WHAT I DID TO DEAL WITH A DIFFICULT FAMILY SITUATION

This post is brought to you by my good friend Sara Miller. She and I share life experiences and we once did a crazy experiment together that taught us both a lesson. If you have questions for Sara let me know. Thanks Sara!

Last October, as I drove a small highway to a family event, I found myself getting nervous and anxious about the upcoming weekend with my family.  Instead of enjoying the beautiful fall foliage with its colorful presentation of burgundies, oranges, deep purples and reds, I was momentarily distracted by a conversation I had with my older sister earlier in the year.  The conversation started out with our normal pleasantries, but it ended with my sister yelling, screaming at me and then abruptly hanging up.  What was the trigger for the outburst?  I had no clue and was upset that once again our conversation had resolved to this.  What got us to this point? Why did we bicker? I often asked myself why she and I could not just agree to disagree.   So as I drove down the highway, I realized I was going spend an uncomfortable weekend in her company.   I found myself getting agitated and worrying about what I needed to do to make it thru the weekend.  I then remembered some of the steps my beloved mother would say and practice with our large extended family during the holidays.

  1. Give Up Hope:  I’m not saying we should not have hope that a family problem cannot be resolved.  You just need to be realistic about the situation; an existing family problem will not be resolved in 1 weekend.  Be prepared to accept everyone for where they are at now and not where you expect them to be. 
  2. Set a Secure Boundary for Yourself:  If you find that your discussion getting heated, you have to find a way to exit gracefully before the conversation evolves into the unwanted heated discussion.  This is easier said than done, so recognize the triggers, such as harsh and personal comments/argumentative behavior.  Then excuse yourself to make a call, to go to the restroom, the key is to recognize the triggers, and make a graceful exit for 15 minutes.  Those trips out the room for a moment actually work.
  3. Lose control:  One of my problems is that I’m a bit of a control freak.  Therefore, I had to realize I had no control of another person’s actions.  I had to remember any attempt to control another’s actions actually puts me under their control.  In situations like this, losing control allowed me to just sit back and relax.  I learned letting go of control meant freedom from the drama.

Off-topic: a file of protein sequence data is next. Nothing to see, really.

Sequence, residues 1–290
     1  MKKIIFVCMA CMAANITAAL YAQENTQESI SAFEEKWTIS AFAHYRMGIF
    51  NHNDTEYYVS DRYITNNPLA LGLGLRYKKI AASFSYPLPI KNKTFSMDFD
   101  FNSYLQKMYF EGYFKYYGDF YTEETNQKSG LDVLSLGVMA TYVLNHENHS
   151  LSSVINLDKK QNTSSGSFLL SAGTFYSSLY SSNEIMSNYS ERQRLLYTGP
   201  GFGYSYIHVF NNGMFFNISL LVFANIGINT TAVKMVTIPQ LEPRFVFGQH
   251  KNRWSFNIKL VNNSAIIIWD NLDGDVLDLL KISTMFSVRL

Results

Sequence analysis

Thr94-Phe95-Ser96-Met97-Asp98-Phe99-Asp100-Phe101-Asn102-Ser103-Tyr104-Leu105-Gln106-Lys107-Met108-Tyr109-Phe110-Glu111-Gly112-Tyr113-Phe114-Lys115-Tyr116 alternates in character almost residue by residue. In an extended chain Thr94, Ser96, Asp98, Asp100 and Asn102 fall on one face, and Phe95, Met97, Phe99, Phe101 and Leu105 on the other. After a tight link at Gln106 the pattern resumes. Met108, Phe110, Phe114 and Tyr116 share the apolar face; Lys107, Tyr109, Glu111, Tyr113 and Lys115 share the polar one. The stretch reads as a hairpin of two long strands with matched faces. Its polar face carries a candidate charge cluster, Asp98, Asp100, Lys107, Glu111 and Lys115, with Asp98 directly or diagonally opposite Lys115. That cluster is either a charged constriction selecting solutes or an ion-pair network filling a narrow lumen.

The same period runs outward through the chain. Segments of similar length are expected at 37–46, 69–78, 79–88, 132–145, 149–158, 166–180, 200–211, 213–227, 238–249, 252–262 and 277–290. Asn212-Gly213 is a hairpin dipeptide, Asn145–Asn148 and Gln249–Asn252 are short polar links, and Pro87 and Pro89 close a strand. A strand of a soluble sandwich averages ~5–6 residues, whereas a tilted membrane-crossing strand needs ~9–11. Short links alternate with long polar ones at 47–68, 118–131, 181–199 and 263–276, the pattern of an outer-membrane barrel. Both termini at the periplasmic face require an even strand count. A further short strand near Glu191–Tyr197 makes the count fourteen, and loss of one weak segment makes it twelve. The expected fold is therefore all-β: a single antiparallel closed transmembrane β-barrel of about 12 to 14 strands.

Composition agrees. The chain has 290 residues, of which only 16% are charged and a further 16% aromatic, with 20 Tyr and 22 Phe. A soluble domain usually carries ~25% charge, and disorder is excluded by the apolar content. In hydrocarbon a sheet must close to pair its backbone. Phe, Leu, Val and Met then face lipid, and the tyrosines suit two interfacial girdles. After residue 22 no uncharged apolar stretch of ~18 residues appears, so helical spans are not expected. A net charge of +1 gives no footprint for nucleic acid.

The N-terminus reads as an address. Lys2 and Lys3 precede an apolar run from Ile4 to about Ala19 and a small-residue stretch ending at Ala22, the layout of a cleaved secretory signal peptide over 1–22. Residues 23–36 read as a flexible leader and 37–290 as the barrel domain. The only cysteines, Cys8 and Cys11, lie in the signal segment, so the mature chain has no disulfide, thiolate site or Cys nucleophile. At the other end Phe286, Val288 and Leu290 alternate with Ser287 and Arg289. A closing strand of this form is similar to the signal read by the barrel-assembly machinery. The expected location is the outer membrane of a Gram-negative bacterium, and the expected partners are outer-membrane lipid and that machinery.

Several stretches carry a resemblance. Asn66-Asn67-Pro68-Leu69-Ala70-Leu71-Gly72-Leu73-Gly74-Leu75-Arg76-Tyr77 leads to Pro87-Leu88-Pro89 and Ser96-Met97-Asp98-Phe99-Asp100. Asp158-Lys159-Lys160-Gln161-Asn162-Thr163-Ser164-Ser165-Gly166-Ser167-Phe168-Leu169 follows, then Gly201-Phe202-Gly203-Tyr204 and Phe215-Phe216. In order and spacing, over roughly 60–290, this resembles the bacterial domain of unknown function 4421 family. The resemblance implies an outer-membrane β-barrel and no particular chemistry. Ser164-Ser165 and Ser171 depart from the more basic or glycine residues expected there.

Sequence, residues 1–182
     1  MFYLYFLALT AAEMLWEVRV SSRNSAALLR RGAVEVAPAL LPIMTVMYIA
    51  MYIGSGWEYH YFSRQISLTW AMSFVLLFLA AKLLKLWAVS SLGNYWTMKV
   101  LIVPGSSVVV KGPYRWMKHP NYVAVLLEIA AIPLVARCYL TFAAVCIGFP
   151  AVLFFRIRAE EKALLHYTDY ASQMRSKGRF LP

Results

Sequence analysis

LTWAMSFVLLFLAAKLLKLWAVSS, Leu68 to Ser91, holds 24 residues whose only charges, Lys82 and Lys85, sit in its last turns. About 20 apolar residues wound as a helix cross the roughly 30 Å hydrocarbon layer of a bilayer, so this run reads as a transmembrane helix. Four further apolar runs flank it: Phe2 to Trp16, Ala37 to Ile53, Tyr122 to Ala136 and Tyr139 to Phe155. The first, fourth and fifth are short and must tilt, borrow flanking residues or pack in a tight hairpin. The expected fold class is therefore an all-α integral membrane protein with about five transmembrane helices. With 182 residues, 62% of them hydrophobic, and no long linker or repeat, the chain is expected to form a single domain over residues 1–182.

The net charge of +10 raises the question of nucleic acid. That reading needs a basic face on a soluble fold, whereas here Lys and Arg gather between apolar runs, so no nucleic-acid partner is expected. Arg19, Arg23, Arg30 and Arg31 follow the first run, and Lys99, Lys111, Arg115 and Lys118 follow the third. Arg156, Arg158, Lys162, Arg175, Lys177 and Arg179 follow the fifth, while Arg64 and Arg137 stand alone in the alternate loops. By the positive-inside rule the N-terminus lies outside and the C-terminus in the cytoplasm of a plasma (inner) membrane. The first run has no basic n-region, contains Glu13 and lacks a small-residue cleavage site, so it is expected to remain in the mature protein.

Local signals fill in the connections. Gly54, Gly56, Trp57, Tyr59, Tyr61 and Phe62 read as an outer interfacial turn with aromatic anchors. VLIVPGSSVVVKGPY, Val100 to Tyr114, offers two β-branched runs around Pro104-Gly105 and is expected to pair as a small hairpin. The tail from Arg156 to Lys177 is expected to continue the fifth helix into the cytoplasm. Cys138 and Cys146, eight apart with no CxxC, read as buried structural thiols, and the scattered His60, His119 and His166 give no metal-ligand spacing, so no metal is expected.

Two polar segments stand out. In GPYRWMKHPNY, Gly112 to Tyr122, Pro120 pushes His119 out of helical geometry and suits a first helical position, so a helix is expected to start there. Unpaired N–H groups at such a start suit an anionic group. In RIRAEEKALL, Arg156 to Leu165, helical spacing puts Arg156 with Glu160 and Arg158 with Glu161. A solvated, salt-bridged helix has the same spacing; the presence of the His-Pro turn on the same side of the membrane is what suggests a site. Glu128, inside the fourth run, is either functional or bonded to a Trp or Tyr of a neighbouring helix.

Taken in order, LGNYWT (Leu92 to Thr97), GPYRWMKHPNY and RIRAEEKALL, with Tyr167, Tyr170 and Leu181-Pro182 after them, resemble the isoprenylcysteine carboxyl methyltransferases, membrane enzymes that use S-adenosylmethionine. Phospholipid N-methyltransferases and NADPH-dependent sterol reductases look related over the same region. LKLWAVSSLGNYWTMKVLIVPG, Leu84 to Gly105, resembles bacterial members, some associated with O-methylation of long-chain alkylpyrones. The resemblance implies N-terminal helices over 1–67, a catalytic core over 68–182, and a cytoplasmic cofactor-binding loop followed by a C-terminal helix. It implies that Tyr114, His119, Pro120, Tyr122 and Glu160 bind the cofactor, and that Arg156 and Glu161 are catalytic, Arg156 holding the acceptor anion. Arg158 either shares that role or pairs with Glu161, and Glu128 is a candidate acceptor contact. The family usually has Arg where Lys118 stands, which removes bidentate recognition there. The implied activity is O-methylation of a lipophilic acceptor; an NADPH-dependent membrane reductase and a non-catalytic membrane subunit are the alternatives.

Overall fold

4. Become an observer:  That weekend I had to learn to just sit back and watch.  This step in the social science world is called participant observation.  I was amazed by the clarity this gave me.  I realized my silence and ambivalence gave others an opportunity to step and lead the family activities. I realized my take charge attitude was perceived by some as controlling and to others it was seen and accepted as a part of who I am.  I was happy to watch my younger brother step up and lead the family in activities, he took the role like a true family leader and it was a welcomed reprieve.  
  5. Debrief:  It is important to have someone to talk with.  Dysfunctional family behavior can lead to depression. So it is important to have someone you can discuss this with to let it all out.   Two days after the weekend event, my youngest brother called me.   He said he noticed that I was a ‘bit off’ that weekend and wondered what was bothering me.   However, he also noticed that my sister was more anxious than normal.  He wondered what had happened but, decided to be an observer.   He then realized that I had let go and decided to step up to guide the group activities.   Once he got the family interacting and enjoying each other, he then realized I was not upset and I was having a good time as well!  He and I laughed about the potential mishaps that were avoided by my new approach.

Take time to try these steps at your next family event.  Try it for the first hour of the event, and remember it does not mean you are defeated just that you are growing and learning.

 

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About Kiné Corder

Kine' Corder is a best selling author, speaker, and member of the Financial Therapy Association. Formerly a Morgan Stanley Financial Advisor and currently a Financial Therapist Kiné runs Presidential Lifestyle, a financial wellness company focused on wealth in all of it's forms. www.presidentiallifestyle.com View all posts by Kiné Corder

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